Finally, a mailing list!

Every self-publishing (or ‘indie’) guru out there insists that the #1 way for an author to build an audience is to have his own mailing list and keep track of his customers that way. I have not followed this excellent advice until now. The sheer number of decisions involved (and the possible financial outlay) gave me a splitting headache.

Today, however, with the trivial investment of several hours of time and several hanks of hair ripped out, I managed to sign up for, and test, a free account with MailChimp. This will allow me to have up to 2,000 subscribers and send out up to 12,000 emails per month; which (a quick back-of-the-envelope calculation tells me) means that each of my 3.6 Loyal Readers can be represented on the list 555 times. Or, you know, there might actually be more readers than that; but the figure of 3.6 is hallowed by time and custom, and I shall not change it now.

I would be most obliged to my Loyal Readers, however many there are of you, if you were to use the handy form in the right margin, just over there, and sign up for the list. I promise not to sell you any encyclopaedias; I’m only here to burgle your flat notify you about new releases.

Thanks in advance, all!

P.S. For those who are wondering, the final touches on ‘Angel Keep’ are now being applied. I needed to make sure that the link to my signup page worked; which it seems to. All I need now is to finish another Clever Biographical Assassination, upload the files, and let the KDP mills go to work grinding out sausages ebooks.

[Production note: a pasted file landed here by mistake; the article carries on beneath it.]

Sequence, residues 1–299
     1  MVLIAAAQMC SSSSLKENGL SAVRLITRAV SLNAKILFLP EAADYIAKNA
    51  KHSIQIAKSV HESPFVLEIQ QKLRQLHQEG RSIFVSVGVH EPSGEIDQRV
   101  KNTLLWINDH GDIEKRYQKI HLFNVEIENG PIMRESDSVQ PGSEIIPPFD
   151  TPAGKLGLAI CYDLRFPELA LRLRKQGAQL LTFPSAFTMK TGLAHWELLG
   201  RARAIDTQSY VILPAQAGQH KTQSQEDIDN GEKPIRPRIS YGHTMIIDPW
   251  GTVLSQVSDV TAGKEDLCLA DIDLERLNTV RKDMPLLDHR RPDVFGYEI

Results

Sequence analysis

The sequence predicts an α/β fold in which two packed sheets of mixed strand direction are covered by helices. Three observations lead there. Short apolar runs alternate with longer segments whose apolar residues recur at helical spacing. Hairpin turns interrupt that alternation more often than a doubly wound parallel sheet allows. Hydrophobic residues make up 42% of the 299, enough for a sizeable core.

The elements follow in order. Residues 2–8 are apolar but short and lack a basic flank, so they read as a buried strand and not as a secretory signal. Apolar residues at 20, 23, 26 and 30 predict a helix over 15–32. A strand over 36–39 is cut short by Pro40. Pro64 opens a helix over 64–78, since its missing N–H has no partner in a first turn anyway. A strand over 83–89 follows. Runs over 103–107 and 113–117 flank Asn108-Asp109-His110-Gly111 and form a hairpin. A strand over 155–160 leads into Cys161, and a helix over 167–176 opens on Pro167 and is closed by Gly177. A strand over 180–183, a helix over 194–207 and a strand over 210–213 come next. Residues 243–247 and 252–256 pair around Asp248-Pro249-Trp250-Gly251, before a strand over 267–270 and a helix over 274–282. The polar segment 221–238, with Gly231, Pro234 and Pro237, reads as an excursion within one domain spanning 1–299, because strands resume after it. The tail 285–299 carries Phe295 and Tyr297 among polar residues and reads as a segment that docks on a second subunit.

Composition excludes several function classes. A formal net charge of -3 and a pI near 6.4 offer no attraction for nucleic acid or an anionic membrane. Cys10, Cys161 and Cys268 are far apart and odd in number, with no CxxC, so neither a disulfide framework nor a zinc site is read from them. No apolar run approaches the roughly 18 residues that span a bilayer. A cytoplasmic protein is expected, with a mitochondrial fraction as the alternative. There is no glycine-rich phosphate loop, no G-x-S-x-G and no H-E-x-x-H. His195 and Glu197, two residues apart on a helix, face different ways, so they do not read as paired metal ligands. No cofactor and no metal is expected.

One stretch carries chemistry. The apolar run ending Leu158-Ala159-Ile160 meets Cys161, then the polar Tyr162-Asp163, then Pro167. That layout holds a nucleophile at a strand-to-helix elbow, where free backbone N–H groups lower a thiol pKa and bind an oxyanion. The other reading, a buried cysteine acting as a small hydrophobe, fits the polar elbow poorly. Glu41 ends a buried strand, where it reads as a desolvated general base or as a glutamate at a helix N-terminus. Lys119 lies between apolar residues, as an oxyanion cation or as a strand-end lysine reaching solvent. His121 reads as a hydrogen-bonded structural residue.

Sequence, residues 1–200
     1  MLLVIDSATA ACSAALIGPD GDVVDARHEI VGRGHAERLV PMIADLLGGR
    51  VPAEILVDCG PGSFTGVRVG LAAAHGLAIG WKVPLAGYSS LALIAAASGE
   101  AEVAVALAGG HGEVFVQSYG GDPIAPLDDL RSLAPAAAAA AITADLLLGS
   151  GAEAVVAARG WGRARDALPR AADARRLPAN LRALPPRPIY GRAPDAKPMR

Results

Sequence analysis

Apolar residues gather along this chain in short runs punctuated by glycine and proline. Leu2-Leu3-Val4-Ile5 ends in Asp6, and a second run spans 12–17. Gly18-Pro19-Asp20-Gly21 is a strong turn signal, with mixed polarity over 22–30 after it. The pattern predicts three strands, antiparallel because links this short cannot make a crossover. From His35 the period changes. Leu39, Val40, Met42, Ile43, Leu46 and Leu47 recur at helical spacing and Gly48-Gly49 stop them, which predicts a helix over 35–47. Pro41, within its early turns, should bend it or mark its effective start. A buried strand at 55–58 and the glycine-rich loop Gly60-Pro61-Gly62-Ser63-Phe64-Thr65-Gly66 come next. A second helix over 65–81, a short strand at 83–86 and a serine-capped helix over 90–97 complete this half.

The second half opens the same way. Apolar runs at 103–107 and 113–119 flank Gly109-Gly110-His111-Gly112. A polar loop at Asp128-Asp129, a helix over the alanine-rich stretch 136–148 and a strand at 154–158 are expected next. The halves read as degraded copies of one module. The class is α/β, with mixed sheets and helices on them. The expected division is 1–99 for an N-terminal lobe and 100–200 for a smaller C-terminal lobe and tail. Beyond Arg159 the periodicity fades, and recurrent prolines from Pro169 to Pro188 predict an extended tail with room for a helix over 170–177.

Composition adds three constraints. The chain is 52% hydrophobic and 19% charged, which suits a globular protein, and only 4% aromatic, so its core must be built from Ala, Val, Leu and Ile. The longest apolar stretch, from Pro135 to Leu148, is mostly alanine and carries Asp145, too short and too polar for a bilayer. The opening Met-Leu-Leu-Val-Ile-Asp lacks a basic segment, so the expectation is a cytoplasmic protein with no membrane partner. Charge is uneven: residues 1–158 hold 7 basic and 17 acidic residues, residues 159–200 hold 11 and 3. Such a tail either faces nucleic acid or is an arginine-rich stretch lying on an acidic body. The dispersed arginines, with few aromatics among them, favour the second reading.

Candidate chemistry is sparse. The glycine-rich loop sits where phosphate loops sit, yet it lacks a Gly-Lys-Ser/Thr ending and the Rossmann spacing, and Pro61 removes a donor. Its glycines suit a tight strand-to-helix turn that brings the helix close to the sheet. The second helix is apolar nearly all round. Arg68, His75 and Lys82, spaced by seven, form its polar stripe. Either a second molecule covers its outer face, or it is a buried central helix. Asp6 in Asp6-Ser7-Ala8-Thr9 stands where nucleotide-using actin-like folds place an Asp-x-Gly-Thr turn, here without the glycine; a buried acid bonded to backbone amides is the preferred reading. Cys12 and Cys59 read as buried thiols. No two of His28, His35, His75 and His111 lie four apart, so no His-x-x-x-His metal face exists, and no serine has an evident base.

1. Done. In my experience, mailing lists are really useful for an indie writer or a small press. Probably the most important promotion tool.

    The subscription process, however, is too complicated. Not only you have to sign in, you also have to confirm you’ve signed in by clicking on the link in an email you are sent (which ended up in the spam folder) and prove you are not a robot by choosing the right photos from a group (and it wasn’t clear which were the right ones).

    I also use Mailchimp (which is otherwise an excellent tool), but I’ve noticed that every one of those hurdles discourages people from signing in, so I mostly collect the email from anyone who is interested and do the subscription myself.

    • Unfortunately, if I don’t use the hurdles, the spambots can flood the mailing list with phony subscriptions. The minute the list goes over 2,000 subscribers, I have to switch to a paid plan (which I can’t afford at present). By way of comparison, my spam blocker is trapping an average of about 400 spam comments per day, and spam sent through my contact form gets through with dreary regularity.

      So I just have to grit my teeth and apologize for the inconvenience.

  2. Yes, I know. I just wanted to tell you (in case you didn’t know it) that you can subscribe people yourself (and those subscriptions don’t need to be confirmed by clicking on a link in an email).

    Anyway, even a small list of two or three hundred subscribers may mean a huge increase in sales. Not only does it allow you to advertise your new books to your fans, it also concentrates many sales in two or three days, which improves your Amazon rank considerably and triggers more sales.

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